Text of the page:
Skip to Content, Navigation, or Footer.
Support independent student journalism. Support independent student journalism. Support independent student journalism.
The Dartmouth
April 15, 2024 | Latest Issue
The Dartmouth

Volleyball drops Ivy League opener versus Harvard

Falling behind two sets to none early, the Big Green fought hard in a furious comeback but could not prevail in the tiebreak.


The Dartmouth women’s volleyball team (8-2, 0-1 Ivy League) dropped their first home conference game last Friday against Harvard University (4-6, 1-0 Ivy League) in five sets: 25-22, 25-19, 24-26, 23-25 and 15-11. After falling behind with losses in both of the first two sets, the Big Green rallied but eventually fell to a stout Crimson squad.  

Coming into the game, the Big Green sat at 8-1, indicative of impressive non-conference  performances, especially considering the nearly two-year hiatus in competition. The first challenges for the team this season were to integrate two classes of new athletes and forge a closer bond after being away for so long, according to captain Emma Moffet ’22.

“I think what was really important in the beginning was just making sure we had a really good team culture off the court, making people feel super welcome and just fostering really good team cohesion,” said Moffet. “Also just establishing our team culture, which is just work hard, as hard as you can [and] give 100 percent every day.”

Dartmouth knew going into the game that this Harvard team would pose a challenge. A week earlier, the Crimson lost a tight match against the Pac-12’s University of Oregon, the 13th-ranked team in the country. Ellie Blain ’24 said the Big Green understood that playing together as a team and staying in the game emotionally would be the keys to their success.

“I think just fighting, just staying energetic and united as a team [are important],” said Blain. “We have really good team camaraderie, so I think building on that and staying consistent and calm and just doing what we have been working on the past couple of weeks [will be important] as well.”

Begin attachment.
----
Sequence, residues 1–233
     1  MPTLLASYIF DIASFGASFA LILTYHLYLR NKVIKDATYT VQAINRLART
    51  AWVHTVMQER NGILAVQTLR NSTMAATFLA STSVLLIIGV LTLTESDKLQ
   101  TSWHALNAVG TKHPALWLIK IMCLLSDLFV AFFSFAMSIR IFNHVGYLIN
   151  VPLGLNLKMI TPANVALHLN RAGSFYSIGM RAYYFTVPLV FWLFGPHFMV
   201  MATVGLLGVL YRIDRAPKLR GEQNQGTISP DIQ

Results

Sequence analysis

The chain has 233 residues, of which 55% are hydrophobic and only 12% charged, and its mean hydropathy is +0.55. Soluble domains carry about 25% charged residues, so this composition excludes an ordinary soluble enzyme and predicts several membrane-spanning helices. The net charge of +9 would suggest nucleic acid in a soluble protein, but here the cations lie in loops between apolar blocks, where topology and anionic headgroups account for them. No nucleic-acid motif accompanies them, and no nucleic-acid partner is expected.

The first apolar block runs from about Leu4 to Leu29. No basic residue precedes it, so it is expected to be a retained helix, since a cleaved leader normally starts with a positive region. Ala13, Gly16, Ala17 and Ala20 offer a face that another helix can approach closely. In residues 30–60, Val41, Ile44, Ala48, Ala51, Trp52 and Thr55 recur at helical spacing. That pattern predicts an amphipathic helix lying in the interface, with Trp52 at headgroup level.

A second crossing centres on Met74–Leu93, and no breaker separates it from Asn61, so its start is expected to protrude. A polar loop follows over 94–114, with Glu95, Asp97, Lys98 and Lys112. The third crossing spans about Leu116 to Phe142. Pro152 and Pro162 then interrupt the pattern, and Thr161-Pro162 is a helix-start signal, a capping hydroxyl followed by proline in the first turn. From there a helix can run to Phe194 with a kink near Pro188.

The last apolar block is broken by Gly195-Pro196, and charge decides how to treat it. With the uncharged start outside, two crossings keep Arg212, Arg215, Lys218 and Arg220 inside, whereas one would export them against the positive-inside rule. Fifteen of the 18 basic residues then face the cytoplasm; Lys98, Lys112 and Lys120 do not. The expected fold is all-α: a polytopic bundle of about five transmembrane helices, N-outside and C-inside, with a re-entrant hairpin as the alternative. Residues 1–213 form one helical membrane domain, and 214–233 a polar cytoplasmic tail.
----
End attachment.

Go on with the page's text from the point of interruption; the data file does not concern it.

The first set was tightly contested until the Crimson strung together three points to get ahead 16-12. The Big Green then attempted to cut down the lead, capitalizing on a few Harvard attack errors to bring the game within a point after an emphatic kill by Francesca Meldrum ’22. However, their efforts were thwarted as the Crimson closed out the set 25-22.

Harvard gained momentum quickly in the second set, dominating offensively as well as at the net. The Big Green returned fire with a number of kills, but the Crimson prevailed again after a 6-0 run. After fighting through a contested match but falling in each of the first two sets, the Big Green needed to take momentum quickly. Head coach Gilad Doron reminded the players during the break to stick to their team values and have hope.

“I just told them to believe and stay to the core values of what we work on, to trust one another,” Doron said. “[I told them to] improve the system that we play, just one player at a time, not looking at the score. Just trying to play one play at a time.”